You have to keep in mind that the concept of leveling is probably more applicable to singles since there are less options available to each player, making it easier to pin down what choice they’re going to make. As I said earlier, using leveling as a starting point instead of a hard guideline for VGC is probably your best bet.
Sometimes you’re 99% sure what your opponent is going to do, but it’s incorrect to act on it because it would be the wrong play, regardless of the outcome.
I had an Amoonguss at full health and a +6 Azumarill at a quarter health against my opponent’s Ferrothorn with a sliver of health and a full health Rotom-W. Considering his Rotom-W was being distracted by my Rage Powder-ing, Black Sludge Amoonguss, I had no reason to go after Rotom-W — Ferrothorn was the “obvious” target. Ferrothorn Protecting seemed obvious so I attacked the Rotom-W and lost my Azumarill to a Power Whip.
I tried to be clever and got punished.
From his perspective, what’s the risk with attacking with Ferrothorn? If I Aqua Jet it and he Protects, he’s still in the same situation next turn. At least by attacking he gave me a chance to make a mistake and I did. The reward for the play I made was that I would feel good about myself for being clever. The risk I made was that I would give up my checkmate, my +6 Azumarill would faint, and I’d potentially lose.
When debating any play, make sure you consider the risk/reward. What you think is the best play might be a more dangerous version of a more obvious, but safer play.
I played against Bearsfan092 on the Nugget Bridge stream a while ago, which you can find here. For game three, I lead with Kangaskhan and Azumarill against Rotom-W and Mega Tyranitar. In one of our earlier games, he Protected with Rotom-W when I tried to Fake Out it with Kangaskhan and I predicted he would do the same here.
However, I had a plan that would hedge against him switching up his plays. He knew my general team strategy was to set up Azumarill with Belly Drum, so it wouldn’t surprise me to see him go for the Thunderbolt immediately, especially considering how our earlier games played out.
Because I felt like it was a possibility for him to Thunderbolt Azumarill, I chose to Fake Out the Rotom-W even though it might Protect. Also, instead of trying to set up Belly Drum, I went to Play Rough the Tyranitar immediately which would put it in range of Aqua Jet. If he wanted to Dragon Dance, he would likely have to Protect next turn and/or eventually switch out.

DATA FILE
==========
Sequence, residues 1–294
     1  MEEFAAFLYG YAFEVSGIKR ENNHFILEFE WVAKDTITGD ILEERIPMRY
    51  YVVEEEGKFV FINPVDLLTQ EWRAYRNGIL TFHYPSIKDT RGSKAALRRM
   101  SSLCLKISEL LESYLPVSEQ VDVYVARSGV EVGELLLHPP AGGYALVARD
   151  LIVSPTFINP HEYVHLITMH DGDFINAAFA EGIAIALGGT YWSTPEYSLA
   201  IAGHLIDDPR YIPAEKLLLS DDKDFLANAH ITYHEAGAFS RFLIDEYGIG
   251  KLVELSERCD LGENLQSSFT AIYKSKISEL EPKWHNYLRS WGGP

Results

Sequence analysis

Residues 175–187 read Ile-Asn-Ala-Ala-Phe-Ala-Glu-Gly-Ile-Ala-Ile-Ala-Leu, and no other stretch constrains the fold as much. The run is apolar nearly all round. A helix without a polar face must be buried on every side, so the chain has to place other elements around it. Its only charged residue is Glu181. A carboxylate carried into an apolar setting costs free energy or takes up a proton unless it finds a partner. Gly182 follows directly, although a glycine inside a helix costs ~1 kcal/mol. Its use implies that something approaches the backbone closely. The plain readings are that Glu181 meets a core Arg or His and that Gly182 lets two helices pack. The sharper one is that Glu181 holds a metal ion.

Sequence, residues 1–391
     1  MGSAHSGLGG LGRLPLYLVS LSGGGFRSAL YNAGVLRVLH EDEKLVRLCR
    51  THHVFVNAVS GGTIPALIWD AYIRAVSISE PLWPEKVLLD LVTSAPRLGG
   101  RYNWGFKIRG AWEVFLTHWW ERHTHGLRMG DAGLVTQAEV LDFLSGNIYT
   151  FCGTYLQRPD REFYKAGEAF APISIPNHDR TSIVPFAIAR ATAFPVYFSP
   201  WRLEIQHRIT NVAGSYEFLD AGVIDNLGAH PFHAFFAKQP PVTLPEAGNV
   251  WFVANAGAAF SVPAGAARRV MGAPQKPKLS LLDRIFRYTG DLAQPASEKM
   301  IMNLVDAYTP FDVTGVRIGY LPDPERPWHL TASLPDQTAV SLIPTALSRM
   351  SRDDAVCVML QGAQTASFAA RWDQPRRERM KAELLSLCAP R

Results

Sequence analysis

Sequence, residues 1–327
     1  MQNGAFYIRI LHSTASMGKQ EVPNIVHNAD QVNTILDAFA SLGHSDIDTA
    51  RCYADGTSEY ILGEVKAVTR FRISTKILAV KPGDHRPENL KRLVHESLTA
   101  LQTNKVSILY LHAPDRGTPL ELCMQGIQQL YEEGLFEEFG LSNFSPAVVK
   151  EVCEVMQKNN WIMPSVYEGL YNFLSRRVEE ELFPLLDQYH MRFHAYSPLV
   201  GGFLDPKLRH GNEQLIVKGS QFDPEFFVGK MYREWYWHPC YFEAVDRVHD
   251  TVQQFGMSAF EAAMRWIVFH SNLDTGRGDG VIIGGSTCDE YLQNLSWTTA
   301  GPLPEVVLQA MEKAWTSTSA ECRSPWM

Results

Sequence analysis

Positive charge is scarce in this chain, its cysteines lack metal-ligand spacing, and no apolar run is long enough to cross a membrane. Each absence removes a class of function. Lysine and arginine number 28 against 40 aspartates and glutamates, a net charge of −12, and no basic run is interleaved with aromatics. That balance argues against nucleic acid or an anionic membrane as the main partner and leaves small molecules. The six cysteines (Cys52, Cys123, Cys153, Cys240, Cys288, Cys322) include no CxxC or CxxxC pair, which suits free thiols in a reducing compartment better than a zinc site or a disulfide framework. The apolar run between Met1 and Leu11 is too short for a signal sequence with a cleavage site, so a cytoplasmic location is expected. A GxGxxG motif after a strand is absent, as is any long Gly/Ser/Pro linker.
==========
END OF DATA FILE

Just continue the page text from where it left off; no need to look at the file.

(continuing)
My play went fine even though his Rotom-W Protected, except that Tyranitar used Rock Slide instead of Dragon Dance. I was fine with that too since it didn’t deal too much damage and I was about to be in a commanding position.
Then Azumarill flinched.
How many times have you led with Kangaskhan and Rotom, only for them to double Protect on turn one in order to skip the Fake Out turn? It’s a little risky considering you’re now free to double target something on the second turn, but it might be a better alternative than taking damage from a Fake Out.
As the Kangaskhan player, have you ever thought about Power-Up Punching your own Rotom in those situations? Sure, it’s one of the riskiest plays you can probably make in VGC, but the rewards are certainly there. I wouldn’t do it in every situation, but especially in best-of-three (or against the Charizard-Y/Venusaur lead, which will often double Protect on turn one in order for Venusaur to get the Chlorophyll speed boost on turn two), this might be something you could incorporate into your game.
Playing to Your Outs
Sometimes you’re trapped and the only way you can win is by double Protecting or maybe by double targeting when it’s super obvious but it’s your only way out. In those cases, playing to your outs is much better than accepting defeat. You won’t be able to capitalize on it a lot, but another mark of a great player is one who is able to turn around an almost impossibly lost cause into a potential victory.
My opponent in scenario #2 did this very well. He knew he wasn’t going to win unless he gave me the opportunity to make a mistake. If he Protected when I expected him to, I knew he most likely wasn’t going to get the second Protect and therefore would be free to attack. By taking away the transparency that would be there on later turns, he made it easier for me to make a mistake.
A common situation in VGC is having a Pokémon on your team like Ferrothorn (or something similar, like Substitute/Leftovers Aegislash) while they have Talonflame and three Pokémon that get walled by Ferrothorn. In that situation, KOing Talonflame and winning with Ferrothorn could be pretty easy. If they are conserving their Talonflame well, it might be best change gears and just play a normal game. Identifying your win condition is great, but only if that’s how the game is actually going to play out. Be careful of creating a false narrative just because it seems so easy in theory. After all, it’s your opponent’s job to not make it easy for you.